Much of the continent grinds to a halt as strikes hit

PUBLIC sector strikes paralysed several parts of Europe yesterday, causing mayhem in France and Austria and lesser disruption in Germany and Italy. The French strikes, over pension reform, disrupted train services, grounded most international flights and closed schools.

Strikes in Austria by transport and postal workers, also over pensions, were the biggest since the Second World War, while eastern German engineering firms were hit for a second day.

The Italian airline, Alitalia, had to cancel 200 flights because of a strike by cabin staff over job cuts.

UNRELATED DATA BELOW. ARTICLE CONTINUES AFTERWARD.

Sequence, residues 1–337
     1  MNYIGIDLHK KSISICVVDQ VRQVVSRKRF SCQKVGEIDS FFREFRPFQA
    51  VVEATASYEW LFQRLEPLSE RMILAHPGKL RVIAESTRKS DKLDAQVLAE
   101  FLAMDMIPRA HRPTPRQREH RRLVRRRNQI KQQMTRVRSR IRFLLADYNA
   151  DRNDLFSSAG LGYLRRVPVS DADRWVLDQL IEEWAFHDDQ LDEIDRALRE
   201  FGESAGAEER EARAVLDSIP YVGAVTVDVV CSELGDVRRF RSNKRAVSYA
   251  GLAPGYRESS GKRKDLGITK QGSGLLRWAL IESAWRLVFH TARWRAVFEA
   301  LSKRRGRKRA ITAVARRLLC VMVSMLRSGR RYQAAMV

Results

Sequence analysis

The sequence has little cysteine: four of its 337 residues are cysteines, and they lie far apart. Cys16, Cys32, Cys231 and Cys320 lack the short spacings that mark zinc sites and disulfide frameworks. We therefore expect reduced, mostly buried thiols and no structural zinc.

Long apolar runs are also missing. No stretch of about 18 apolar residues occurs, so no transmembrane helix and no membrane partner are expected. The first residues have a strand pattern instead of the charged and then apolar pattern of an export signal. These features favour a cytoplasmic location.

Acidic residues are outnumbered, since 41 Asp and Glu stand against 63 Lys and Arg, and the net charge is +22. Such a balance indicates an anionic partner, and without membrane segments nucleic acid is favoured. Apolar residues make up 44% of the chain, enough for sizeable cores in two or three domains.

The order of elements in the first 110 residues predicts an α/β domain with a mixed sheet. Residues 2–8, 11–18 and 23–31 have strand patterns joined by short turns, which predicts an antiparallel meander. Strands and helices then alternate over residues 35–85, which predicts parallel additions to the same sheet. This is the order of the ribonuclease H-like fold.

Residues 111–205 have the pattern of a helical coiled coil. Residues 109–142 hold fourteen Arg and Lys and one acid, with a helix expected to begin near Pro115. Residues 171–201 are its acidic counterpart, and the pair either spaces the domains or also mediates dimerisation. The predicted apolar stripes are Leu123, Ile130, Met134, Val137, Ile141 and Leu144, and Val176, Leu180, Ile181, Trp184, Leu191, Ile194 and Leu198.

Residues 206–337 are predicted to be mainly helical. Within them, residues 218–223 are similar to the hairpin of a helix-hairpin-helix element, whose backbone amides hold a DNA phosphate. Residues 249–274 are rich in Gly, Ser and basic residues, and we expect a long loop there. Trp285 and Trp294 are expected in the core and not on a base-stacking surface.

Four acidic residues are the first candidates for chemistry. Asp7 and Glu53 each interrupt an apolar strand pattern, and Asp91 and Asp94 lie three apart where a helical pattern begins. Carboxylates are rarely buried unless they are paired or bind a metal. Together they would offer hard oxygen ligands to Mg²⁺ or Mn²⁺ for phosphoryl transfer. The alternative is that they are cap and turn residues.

Austrian authorities, like their French counterparts, are fighting to stave off a financial crunch in the pensions systems as populations age.

"You can’t strike against demographic developments like that," the education and science minister, Elisabeth Gehrer, said on Austrian radio.

Thirteen years after reunification, striking workers in Germany’s former communist east are fighting for the same working hours as their western colleagues, but authorities say the economy cannot support such a change.

Workers in the eastern German engineering and steel industry, employing about 320,000 people, marched yesterday in red vests demanding a reduction in

weekly working hours to 35 from the current 38 to bring them into line with western Germany.

In Austria, buses trains and trams stopped shortly after midnight and were due to remain out of action until last night.

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